Corruption in China

Two village officials investigated over links to 11 properties worth 100m yuan

PUBLISHED : Monday, 14 January, 2013, 12:00am
UPDATED : Monday, 14 January, 2013, 4:04am

Two village officials from a Zhongshan township have been placed under investigation after they were exposed for owning more than 11 properties valued at more than 100 million yuan (HK$123.5 million), according to mainland media reports.

Authorities said Huang Xinze, party boss of Lianfeng village in Zhongshan's Xiaolan township, and Huo Chengtang, deputy director of the village's residential committee, admitted to owning or co-owning the properties in the city's three townships, The Southern Metropolis Daily said yesterday.

The accusations came to light after internet sleuths this month found at least eight properties listed under the officials' names. The two co-own three tracts of land, for housing or industrial use, totalling 26,229 square metres, and Huang's wife owns an additional 14,600 square metres of industrial land.

Huo was also found to own at least three houses, a total of 475 square metres in Xiaolan, and a 590-square-metre industrial plot in Dongsheng township.

Huo told the paper that all of the properties were purchased with legitimate income before he worked as a village official, but Xinhua reported that most of the properties had been bought after the two were appointed.

Huang has been the village's party official for more than 19 years, while Huo has been in his position for 15 years.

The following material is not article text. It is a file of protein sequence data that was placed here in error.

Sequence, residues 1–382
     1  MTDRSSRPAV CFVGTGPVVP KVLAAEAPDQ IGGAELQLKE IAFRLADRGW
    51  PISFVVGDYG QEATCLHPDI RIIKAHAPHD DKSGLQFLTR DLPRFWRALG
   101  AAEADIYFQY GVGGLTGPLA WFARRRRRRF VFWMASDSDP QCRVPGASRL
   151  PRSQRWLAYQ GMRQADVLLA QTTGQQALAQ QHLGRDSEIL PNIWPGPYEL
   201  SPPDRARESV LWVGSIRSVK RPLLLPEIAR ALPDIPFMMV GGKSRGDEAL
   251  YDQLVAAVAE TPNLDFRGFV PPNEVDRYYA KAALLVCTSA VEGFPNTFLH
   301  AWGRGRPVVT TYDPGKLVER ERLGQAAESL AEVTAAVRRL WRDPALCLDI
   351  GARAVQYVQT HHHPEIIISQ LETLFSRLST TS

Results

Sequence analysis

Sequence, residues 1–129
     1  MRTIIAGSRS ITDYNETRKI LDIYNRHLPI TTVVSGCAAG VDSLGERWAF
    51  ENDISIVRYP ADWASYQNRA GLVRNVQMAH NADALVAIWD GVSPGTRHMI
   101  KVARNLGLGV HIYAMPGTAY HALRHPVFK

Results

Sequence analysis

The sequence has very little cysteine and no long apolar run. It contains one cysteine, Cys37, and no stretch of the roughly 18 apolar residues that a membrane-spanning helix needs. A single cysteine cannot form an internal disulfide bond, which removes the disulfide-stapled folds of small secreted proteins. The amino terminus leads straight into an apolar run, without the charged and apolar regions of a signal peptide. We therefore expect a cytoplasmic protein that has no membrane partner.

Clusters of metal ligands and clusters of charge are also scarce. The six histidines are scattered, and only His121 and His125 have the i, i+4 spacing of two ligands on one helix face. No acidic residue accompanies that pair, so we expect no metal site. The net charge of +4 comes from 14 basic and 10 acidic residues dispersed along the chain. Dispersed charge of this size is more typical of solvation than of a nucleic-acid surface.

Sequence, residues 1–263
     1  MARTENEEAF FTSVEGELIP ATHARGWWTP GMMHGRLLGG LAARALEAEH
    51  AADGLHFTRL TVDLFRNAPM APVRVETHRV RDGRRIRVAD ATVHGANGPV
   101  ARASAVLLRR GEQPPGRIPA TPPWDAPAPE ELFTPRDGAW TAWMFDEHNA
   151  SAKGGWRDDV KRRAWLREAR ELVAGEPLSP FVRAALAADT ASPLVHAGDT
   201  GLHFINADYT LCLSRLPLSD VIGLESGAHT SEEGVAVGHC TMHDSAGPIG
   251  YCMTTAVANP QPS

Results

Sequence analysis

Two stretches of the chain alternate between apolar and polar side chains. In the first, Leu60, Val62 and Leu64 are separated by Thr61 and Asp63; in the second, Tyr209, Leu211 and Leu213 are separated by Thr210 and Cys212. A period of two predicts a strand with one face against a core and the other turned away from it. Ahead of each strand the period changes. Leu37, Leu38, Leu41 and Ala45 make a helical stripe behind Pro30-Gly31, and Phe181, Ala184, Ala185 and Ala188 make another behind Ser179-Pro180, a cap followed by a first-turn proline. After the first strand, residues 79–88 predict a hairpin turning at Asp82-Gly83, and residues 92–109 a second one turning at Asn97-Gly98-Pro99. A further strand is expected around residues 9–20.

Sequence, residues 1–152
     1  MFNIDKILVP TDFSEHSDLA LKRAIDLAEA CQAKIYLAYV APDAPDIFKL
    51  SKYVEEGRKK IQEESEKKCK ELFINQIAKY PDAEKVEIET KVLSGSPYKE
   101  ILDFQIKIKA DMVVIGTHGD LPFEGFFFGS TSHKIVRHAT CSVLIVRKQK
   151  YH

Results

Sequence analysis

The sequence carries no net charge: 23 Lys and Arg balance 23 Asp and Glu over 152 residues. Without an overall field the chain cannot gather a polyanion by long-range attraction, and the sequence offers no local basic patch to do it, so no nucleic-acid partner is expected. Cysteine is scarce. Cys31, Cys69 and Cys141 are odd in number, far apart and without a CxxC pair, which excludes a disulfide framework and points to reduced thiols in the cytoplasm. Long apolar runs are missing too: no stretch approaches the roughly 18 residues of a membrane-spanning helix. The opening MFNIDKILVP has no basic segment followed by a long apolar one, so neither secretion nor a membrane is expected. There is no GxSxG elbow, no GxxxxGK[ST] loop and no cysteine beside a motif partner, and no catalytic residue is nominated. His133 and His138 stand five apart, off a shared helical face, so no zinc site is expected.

Xinhua also reported that the two said they bought their properties with money from their own businesses and real estate investments, and they claimed to have operated a dozen factories, but refused to give more details.

In November, a village party boss in Shenzhen was placed under investigation for allegedly owning more than 80 properties and 20 cars, all valued at more than 2 billion yuan.

Upon hearing the revelation, furious villagers claimed the assets purportedly belonging to Zhou Weisi could not have been bought on his official income alone.

Zhou denied owning most of the properties and called the incident a personal attack against him by villagers involved in disputes with real estate developers, The Southern Metropolis Daily reported. He admitted owning just five or six of the properties his accusers said belonged to him.

In October, a political commissar of the urban management bureau in Guangzhou's Panyu district was placed under investigation after internet users found he owned 22 properties valued at more than 35.5 million yuan.